Deep Ellum has a new bar from the team behind Armoury — and although Ruins has a distinctive Mexican accent, it feels a whole lot like Armoury.
That’s not a bad thing. Ruins is still in its “soft open” phase, with the grand opening party scheduled for Wednesday, but it’s already building a top-notch spirits program focused on Mexico, Central America and the Caribbean, and as with its sibling restaurant, the bar food could be killer.
On our first visit, we took a stool — with flat metal seats, they fit the industrial reclamation aesthetic but aren’t exactly the comfiest — and ordered cocktails such as a Wall-arita, with tequila and splashes of mandarin orange, ginger and lime ($9). The salted rim includes a spicy kick, the garnish is a gooseberry and the result is irresistible. The You’re So Brown ($9) matched our waiter’s description, a rum old-fashioned with cocoa shavings, but it tasted a little like someone poured a splash of chocolate milk into our booze.
Behind the cocktail list, which is short but will grow as Ruins enters full service, is a huge stable of mezcals, tequilas and rums. Rum is organized geographically, with offerings from Brazil, Spain, Colombia and a dozen Caribbean countries, plus Waco’s Balcones Texas Rum. Mezcals, handily, come with brief descriptions of each type of agave and region, a big help for customers who don’t yet know and love the spirit.
Ruins might be themed around the Gulf of Mexico, with its Mexican menu and rum-heavy drinks list, but it looks a whole lot like Armoury, the previous bar from owner Peter Novotny and chef Abram Vargas. There are still exposed brick walls, metal chairs and tables that look like they’ve been repurposed from industrial past lives, concrete floors and antique-looking paper menus. The all-American playlist certainly doesn’t reflect the menu’s geography (although we occasionally heard some Tejano slipping out of the kitchen).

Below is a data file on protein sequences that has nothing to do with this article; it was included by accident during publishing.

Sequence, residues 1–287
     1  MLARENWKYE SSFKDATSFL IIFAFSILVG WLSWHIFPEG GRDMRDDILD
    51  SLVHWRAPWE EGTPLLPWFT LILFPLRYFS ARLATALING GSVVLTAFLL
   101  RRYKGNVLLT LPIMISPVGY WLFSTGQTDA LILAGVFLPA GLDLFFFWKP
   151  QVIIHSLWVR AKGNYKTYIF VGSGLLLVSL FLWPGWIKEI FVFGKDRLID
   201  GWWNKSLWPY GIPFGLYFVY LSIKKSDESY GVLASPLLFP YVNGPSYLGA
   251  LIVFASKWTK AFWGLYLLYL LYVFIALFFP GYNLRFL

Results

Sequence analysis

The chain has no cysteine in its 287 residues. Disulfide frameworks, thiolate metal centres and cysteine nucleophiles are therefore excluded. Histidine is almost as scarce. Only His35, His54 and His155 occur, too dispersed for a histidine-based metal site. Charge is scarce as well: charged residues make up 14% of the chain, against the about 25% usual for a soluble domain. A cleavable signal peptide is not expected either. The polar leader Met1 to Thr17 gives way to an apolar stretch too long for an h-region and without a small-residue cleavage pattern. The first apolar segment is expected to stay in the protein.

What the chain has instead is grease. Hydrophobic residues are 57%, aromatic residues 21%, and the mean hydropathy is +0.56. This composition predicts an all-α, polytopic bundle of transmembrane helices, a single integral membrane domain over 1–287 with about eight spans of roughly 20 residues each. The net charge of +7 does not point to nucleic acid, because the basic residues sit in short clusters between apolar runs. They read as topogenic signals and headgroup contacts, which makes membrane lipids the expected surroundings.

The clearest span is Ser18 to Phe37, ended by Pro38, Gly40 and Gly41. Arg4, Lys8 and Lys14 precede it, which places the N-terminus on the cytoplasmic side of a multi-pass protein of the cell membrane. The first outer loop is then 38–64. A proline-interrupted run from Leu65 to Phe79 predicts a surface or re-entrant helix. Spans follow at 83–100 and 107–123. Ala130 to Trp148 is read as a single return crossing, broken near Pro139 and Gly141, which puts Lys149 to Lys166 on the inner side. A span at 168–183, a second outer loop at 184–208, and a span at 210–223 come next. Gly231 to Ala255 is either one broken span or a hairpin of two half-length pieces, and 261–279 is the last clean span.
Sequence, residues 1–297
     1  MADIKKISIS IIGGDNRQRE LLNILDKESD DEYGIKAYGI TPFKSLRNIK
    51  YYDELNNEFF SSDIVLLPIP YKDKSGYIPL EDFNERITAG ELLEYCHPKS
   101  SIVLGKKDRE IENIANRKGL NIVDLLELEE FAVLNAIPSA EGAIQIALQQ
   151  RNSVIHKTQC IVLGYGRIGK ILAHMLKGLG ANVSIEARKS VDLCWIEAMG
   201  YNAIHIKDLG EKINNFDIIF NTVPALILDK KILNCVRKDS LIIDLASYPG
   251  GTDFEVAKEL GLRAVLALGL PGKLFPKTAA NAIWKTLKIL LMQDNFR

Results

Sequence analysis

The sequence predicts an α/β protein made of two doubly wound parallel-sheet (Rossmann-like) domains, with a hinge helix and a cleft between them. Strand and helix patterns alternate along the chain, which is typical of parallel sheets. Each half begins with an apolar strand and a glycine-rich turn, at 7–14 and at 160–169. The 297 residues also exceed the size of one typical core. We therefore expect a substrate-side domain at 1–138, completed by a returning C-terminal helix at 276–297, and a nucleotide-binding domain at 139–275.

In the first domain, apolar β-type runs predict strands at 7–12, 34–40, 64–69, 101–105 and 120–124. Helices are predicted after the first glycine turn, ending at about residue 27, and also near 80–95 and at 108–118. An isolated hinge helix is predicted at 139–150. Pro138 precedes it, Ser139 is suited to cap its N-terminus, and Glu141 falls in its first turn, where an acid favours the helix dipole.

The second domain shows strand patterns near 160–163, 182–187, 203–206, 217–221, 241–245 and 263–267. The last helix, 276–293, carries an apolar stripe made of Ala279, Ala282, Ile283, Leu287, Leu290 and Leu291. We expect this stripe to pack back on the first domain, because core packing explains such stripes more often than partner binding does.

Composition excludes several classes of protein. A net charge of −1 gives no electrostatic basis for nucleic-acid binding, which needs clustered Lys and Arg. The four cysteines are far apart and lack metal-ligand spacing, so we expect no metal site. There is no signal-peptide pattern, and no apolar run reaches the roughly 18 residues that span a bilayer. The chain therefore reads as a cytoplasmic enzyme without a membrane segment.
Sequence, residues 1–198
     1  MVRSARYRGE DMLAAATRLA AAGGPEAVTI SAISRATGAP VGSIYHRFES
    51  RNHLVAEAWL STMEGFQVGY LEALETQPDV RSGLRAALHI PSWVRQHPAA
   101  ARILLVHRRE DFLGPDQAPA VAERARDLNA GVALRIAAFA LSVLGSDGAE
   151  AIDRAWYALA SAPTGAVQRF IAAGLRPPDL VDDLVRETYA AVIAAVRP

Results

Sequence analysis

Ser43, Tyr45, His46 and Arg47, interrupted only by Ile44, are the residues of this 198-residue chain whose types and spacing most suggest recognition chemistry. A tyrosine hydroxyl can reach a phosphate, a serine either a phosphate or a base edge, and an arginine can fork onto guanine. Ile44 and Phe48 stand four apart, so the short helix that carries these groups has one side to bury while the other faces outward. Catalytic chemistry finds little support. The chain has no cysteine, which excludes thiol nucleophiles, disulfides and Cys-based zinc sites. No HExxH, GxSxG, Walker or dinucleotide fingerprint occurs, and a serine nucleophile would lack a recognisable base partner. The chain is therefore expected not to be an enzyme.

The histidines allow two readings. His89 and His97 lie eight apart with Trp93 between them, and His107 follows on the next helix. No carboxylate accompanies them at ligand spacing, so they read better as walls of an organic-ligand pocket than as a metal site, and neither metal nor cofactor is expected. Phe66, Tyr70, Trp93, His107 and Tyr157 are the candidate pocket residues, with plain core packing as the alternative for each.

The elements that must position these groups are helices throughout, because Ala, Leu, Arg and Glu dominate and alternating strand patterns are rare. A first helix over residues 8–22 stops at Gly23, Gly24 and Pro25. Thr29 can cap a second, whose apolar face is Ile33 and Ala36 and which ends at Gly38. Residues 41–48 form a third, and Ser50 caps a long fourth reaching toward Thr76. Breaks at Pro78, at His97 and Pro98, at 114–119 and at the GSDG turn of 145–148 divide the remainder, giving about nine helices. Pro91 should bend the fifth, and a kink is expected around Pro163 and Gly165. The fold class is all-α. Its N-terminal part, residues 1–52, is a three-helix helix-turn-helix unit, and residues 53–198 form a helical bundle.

On the food menu, Ruins is just the second restaurant in Dallas to make a tlayuda. Only Mi Lindo Oaxaca, the beloved Oak Cliff neighborhood classic, also serves Oaxaca’s iconic, gigantic crispy hybrid between a quesadilla and a pizza. Another similarity between the two kitchens: Ruins is also serving chapulines (grasshoppers), both on the house appetizer sampler ($13) and alongside a shot of mezcal for $9.
During our soft-open meal, the least impressive bite was a lengua taco featuring lamb tongue that struggled to get its taste across underneath a fiery salsa verde and big, chunky cubes of raw onion ($4). But Ruins is using great corn tortillas, and the taco menu’s big-time promise was borne out by an outstanding feature that combined three kinds of wild mushrooms with a gooey blanket of Oaxacan cheese ($2.50).
We also nibbled on a whole pint glass full of serrano-pepper-laden shrimp cocktail ($16) and a truly enormous torta dubbed El Borracho ($15). If anyone says Ruins has small portions, he or she is lying. El Borracho is Vargas’ twist on a pambazo, the iconic Mexican sandwich dunked in red chile sauce. A salsa made with chile de arbol is slathered across the top of the buns. Inside is a layer of rather dry wild boar carnitas and some shredded cabbage. The sandwich is just a quick tweak away from greatness — it needs a little moisture and a little acidity, so we’re betting pickling the cabbage would take it over the top.
We Believe Local Journalism is Critical to the Life of a City
Engaging with our readers is essential to the Observer's mission. Make a financial contribution or sign up for a newsletter, and help us keep telling Dallas's stories with no paywalls.
Support Our Journalism
All in all, the first-week jitters at Ruins are pretty minor. We’re eager to head back and try more snacks, like the fried pork shanks ($12) or the gigantic sandwich topped with four meats and three cheeses ($18). The service is already friendly and first class, and the bar is loaded with temptations (including, believe it or not, a couple of very good Mexican wines). Lunch service has already begun. Oh, and the skinny, crispy fries are dusted with a veritable snowbank of salt and ground chile pepper. What more could we ask for?
In other words, keep your eye on Ruins. The name may suggest that the bar has seen better days — and that may always be the case to those who know this space as the former Luscher’s Red Hots — but these ruins have some life in them yet.
Ruins, 2653 Commerce St. Open 11 a.m. to 2 a.m. daily.